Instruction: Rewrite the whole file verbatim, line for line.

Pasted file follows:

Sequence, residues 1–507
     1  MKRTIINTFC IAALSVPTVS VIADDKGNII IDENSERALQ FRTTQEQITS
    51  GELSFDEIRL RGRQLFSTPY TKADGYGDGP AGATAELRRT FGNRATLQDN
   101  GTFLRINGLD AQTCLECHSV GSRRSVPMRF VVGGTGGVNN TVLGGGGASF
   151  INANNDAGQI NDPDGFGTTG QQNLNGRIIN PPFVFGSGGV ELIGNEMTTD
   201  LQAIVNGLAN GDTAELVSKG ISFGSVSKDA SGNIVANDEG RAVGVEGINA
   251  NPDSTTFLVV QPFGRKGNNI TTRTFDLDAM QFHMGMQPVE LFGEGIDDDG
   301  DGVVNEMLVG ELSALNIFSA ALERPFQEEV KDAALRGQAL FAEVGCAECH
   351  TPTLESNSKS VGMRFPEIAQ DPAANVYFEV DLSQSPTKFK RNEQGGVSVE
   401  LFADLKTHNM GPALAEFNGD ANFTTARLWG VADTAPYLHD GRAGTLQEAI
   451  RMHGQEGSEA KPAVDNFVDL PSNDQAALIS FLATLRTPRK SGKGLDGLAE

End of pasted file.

Sequence, residues 1–507
     1  MKRTIINTFC IAALSVPTVS VIADDKGNII IDENSERALQ FRTTQEQITS
    51  GELSFDEIRL RGRQLFSTPY TKADGYGDGP AGATAELRRT FGNRATLQDN
   101  GTFLRINGLD AQTCLECHSV GSRRSVPMRF VVGGTGGVNN TVLGGGGASF
   151  INANNDAGQI NDPDGFGTTG QQNLNGRIIN PPFVFGSGGV ELIGNEMTTD
   201  LQAIVNGLAN GDTAELVSKG ISFGSVSKDA SGNIVANDEG RAVGVEGINA
   251  NPDSTTFLVV QPFGRKGNNI TTRTFDLDAM QFHMGMQPVE LFGEGIDDDG
   301  DGVVNEMLVG ELSALNIFSA ALERPFQEEV KDAALRGQAL FAEVGCAECH
   351  TPTLESNSKS VGMRFPEIAQ DPAANVYFEV DLSQSPTKFK RNEQGGVSVE
   401  LFADLKTHNM GPALAEFNGD ANFTTARLWG VADTAPYLHD GRAGTLQEAI
   451  RMHGQEGSEA KPAVDNFVDL PSNDQAALIS FLATLRTPRK SGKGLDGLAE